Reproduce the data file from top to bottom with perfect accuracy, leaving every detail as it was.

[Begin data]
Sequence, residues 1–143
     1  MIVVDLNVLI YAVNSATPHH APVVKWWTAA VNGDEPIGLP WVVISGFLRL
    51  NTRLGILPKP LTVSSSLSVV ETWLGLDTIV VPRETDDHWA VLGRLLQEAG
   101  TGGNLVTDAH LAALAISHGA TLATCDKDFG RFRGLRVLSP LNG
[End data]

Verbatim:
Sequence, residues 1–143
     1  MIVVDLNVLI YAVNSATPHH APVVKWWTAA VNGDEPIGLP WVVISGFLRL
    51  NTRLGILPKP LTVSSSLSVV ETWLGLDTIV VPRETDDHWA VLGRLLQEAG
   101  TGGNLVTDAH LAALAISHGA TLATCDKDFG RFRGLRVLSP LNG